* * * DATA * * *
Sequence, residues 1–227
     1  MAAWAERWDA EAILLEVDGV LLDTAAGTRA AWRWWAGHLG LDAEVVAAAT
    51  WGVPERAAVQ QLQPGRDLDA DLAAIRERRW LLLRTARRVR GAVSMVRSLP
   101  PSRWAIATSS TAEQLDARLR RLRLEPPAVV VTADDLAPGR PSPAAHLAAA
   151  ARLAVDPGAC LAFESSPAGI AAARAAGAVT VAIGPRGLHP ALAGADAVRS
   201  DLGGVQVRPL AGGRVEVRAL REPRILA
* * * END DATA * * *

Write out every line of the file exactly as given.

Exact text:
Sequence, residues 1–227
     1  MAAWAERWDA EAILLEVDGV LLDTAAGTRA AWRWWAGHLG LDAEVVAAAT
    51  WGVPERAAVQ QLQPGRDLDA DLAAIRERRW LLLRTARRVR GAVSMVRSLP
   101  PSRWAIATSS TAEQLDARLR RLRLEPPAVV VTADDLAPGR PSPAAHLAAA
   151  ARLAVDPGAC LAFESSPAGI AAARAAGAVT VAIGPRGLHP ALAGADAVRS
   201  DLGGVQVRPL AGGRVEVRAL REPRILA